They adopted the method that worked well in prior seasons: current events weren’t necessarily depicted on screen, but they informed the series’ overall mood. It was a way to “give people 30 minutes of a reprieve to just exist,” notes Penny.
Implementing that plan proved more difficult than audiences may have realized. Zoom meetings for the comedy team meant pitched jokes were met with silences as everyone politely kept themselves on mute.
Or, entire set-ups were pitched soundlessly before the speaker realized they needed to unmute themselves. Even the traditional writers’ room environment of scribes jumping into the conversation and building on each other’s jokes had to evolve. By the time someone unmuted, the moment had passed. Notes Penny: “The energy [was] just like dial-up internet.”
Penny thinks the fact that they were on the show’s final season helped since everyone wanted to give the characters a good sendoff knowing there wouldn’t be another chance to come together again in the same way. “The fact that people love the season so much is a testament to the writers because it’s so hard to do that and be funny over Zoom,” Penny says.
While audiences have flipped on the television for a variety of programming, the team behind “King Richard,” which has five Critics’ Choice noms including best picture, gave people dual opportunities to see the film on the big screen or streaming for the first month.
Producer Tim White says the family-friendly film connected with audiences because “it takes people to a place and story that they don’t know [through Venus and Serena Williams whom] people do know and are already invested in.”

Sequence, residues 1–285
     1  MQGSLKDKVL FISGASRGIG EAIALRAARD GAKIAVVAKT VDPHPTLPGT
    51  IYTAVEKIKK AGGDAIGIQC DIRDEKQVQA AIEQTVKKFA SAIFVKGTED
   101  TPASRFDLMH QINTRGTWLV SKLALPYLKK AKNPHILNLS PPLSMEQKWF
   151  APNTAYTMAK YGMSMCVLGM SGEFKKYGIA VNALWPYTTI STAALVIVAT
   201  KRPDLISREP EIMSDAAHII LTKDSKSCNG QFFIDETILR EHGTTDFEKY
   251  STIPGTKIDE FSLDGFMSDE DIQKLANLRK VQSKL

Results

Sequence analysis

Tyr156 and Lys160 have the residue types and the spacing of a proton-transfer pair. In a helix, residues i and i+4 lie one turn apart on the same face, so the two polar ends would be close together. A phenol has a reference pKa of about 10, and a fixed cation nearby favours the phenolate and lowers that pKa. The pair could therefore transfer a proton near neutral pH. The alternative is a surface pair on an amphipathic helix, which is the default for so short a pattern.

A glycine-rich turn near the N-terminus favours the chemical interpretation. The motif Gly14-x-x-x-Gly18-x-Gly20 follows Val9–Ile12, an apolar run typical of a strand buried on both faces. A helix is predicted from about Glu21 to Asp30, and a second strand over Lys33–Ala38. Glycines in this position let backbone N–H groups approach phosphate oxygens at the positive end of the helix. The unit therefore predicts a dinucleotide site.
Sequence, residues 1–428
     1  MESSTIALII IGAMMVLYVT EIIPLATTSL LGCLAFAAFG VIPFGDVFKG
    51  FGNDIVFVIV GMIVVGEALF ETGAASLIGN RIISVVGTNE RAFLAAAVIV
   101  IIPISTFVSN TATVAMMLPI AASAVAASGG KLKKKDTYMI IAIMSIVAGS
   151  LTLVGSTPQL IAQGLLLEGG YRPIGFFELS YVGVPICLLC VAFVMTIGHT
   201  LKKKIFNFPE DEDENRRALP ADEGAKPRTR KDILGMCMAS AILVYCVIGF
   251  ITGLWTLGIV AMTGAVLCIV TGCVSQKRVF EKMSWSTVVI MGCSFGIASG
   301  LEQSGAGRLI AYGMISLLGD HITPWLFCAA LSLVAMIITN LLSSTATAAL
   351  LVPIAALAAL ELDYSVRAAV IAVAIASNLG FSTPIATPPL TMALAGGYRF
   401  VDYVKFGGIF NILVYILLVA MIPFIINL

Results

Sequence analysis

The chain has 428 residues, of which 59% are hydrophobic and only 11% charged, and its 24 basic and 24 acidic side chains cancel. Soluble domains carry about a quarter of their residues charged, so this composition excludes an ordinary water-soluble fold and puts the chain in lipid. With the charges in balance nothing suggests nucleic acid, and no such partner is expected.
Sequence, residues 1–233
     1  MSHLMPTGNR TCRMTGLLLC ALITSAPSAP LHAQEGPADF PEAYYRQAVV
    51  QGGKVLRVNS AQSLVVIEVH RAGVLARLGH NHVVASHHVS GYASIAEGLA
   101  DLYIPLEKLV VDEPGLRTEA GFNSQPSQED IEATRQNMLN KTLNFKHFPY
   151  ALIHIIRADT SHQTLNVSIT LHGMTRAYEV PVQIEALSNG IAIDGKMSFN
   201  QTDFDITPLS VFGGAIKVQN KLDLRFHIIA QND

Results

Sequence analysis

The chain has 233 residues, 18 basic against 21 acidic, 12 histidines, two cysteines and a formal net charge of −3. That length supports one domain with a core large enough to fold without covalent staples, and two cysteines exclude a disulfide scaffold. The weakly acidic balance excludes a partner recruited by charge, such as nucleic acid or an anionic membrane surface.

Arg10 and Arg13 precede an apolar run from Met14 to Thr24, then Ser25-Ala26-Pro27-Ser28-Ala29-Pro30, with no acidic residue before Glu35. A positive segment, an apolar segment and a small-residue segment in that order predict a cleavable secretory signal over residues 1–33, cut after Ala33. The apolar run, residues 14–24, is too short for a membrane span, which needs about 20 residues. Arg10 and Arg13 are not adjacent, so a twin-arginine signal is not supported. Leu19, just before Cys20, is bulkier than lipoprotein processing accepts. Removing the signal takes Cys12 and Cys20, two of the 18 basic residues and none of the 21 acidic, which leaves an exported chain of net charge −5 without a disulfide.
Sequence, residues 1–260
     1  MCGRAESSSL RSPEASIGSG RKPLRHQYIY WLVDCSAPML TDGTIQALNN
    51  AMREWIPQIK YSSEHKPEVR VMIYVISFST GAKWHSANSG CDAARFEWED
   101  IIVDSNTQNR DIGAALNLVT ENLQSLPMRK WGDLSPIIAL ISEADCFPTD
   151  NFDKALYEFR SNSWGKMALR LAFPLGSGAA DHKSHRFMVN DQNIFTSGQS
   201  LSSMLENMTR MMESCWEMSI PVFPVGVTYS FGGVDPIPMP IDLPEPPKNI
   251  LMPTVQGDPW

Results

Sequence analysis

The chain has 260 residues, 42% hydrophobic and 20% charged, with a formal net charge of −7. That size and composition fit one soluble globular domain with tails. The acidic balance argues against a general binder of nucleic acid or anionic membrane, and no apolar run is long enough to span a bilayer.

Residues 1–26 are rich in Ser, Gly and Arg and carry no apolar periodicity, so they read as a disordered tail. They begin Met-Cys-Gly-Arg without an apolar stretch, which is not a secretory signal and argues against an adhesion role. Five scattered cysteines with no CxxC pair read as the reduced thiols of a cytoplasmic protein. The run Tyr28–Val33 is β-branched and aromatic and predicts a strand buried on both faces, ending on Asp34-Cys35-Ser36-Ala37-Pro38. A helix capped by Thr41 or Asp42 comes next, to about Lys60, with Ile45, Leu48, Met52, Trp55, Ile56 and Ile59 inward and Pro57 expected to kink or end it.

While the project is feel good, it doesn’t resolve exactly as expected. “It’s not your sort of conventional form of escapism [and] I think people were a little surprised when she loses and that was kind of the end of the movie,” White says. “But that is what happened. And I think it worked really well for what we were trying to do.”
Unlike with the similar ending to “Rocky,” which White says the filmmakers discussed, audiences know what happens with the tennis greats without a sequel.
When it comes down to it, “no matter what else is happening, and what the fad of the moment is, at the end of the day, everyone in this town still gets really excited about a great script,” he says.
In the case of these four projects, all up for multiple awards, it’s not just the town that’s excited, but audiences as well.
WHAT: Critics Choice Awards
WHEN: March 13
WHERE: Fairmont Century Plaza Hotel